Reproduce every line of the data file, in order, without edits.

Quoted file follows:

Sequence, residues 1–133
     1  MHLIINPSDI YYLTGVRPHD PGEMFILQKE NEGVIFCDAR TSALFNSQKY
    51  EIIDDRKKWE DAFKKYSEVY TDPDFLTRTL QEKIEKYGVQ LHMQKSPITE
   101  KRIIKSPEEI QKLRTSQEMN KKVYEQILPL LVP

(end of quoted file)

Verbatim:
Sequence, residues 1–133
     1  MHLIINPSDI YYLTGVRPHD PGEMFILQKE NEGVIFCDAR TSALFNSQKY
    51  EIIDDRKKWE DAFKKYSEVY TDPDFLTRTL QEKIEKYGVQ LHMQKSPITE
   101  KRIIKSPEEI QKLRTSQEMN KKVYEQILPL LVP